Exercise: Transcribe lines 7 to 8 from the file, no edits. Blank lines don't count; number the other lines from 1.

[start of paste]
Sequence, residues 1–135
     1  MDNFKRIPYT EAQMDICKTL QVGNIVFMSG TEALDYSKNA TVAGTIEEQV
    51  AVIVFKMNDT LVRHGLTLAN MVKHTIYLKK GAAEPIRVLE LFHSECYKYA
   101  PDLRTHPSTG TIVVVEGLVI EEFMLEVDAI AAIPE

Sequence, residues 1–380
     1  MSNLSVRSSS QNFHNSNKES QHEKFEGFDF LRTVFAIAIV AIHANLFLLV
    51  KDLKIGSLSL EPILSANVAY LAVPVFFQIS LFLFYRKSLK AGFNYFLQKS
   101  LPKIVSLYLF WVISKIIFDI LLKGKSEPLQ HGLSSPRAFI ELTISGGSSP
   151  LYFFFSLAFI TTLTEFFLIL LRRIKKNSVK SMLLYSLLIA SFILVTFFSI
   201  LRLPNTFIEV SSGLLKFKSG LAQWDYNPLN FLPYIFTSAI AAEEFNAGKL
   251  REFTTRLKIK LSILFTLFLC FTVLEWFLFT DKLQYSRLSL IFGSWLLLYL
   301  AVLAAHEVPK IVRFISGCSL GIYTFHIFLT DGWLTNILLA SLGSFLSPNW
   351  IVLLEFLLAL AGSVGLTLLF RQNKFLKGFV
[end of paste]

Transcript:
    51  KDLKIGSLSL EPILSANVAY LAVPVFFQIS LFLFYRKSLK AGFNYFLQKS
   101  LPKIVSLYLF WVISKIIFDI LLKGKSEPLQ HGLSSPRAFI ELTISGGSSP